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Bailey Brothers


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There are two groups called Bailey Brothers.

1) Charlie and Danny Bailey were extremely popular radio singers in West Virginia and Tennessee during the late ’40s through the ’50s who were among the few fraternal duets to successfully make the transition from old-time music to bluegrass. The Baileys were born to a large, musically inclined family in Happy Valley, Tennessee. Charlie made his professional singing debut in 1936 when he teamed up with Charlie Cope and began touring. He and brother Danny teamed shortly after, and soon they were singing on local radio. In 1940 they went to Knoxville to play on WNOX and WROL, and soon gained a devoted following. But in 1941, just before they were to make their recording debut, Charlie was inducted into the Army. While he was gone Danny founded the Happy Valley Boys, and remained in Knoxville. By 1944, the Happy Valley Boys had moved to Nashville and were appearing on the Grand Ole Opry. The group changed personnel when two members were drafted. They were replaced by Charlie and Lester Cope. In 1946, Charlie returned and the Copes left to find their own fame.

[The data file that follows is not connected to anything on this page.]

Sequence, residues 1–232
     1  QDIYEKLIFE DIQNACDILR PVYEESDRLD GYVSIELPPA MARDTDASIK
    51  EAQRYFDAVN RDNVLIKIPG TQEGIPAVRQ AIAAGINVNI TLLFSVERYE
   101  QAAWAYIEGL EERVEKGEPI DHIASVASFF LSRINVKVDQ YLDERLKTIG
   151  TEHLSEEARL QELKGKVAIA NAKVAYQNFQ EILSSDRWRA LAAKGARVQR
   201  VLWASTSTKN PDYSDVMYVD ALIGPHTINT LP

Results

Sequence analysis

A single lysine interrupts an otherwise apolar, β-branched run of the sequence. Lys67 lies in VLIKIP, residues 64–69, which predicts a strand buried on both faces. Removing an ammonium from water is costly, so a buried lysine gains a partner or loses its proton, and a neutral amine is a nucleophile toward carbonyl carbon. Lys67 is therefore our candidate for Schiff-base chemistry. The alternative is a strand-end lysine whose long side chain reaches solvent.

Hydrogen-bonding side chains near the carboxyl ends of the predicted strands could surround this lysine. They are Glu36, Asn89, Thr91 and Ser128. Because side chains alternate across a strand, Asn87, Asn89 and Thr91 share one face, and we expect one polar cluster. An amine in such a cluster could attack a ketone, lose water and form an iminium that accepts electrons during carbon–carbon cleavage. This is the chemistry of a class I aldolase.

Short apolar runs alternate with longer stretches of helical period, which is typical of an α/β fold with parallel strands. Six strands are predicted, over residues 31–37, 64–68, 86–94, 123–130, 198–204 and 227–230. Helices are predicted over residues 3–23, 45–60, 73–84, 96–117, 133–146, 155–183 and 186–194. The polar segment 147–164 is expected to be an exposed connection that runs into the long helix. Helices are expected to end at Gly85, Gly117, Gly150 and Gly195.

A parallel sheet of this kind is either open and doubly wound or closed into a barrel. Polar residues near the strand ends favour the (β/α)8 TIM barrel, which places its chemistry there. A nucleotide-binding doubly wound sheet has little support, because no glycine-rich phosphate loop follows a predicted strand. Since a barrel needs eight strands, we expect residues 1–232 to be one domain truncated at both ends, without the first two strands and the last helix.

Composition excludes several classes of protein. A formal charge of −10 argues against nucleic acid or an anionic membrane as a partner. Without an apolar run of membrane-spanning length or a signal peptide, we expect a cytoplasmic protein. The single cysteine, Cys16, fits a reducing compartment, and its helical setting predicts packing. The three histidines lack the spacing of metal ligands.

Not long after, the Happy Valley Boys became a full-fledged bluegrass band; joined by fiddler L.E. White, banjo picker Wiley Birchfield and bass player Jake Tullock, Charlie played mandolin and guitar while Danny played guitar. With this line-up they waxed six songs in late 1947, among them the first recorded version of “The Sweetest Gift,” by J.B. Coates. They made two more singles before moving to a radio station in Raleigh, North Carolina. There, fiddler Clarence “Tater” Tate and banjo player Hoke Jenkins joined the Happy Valley Boys.


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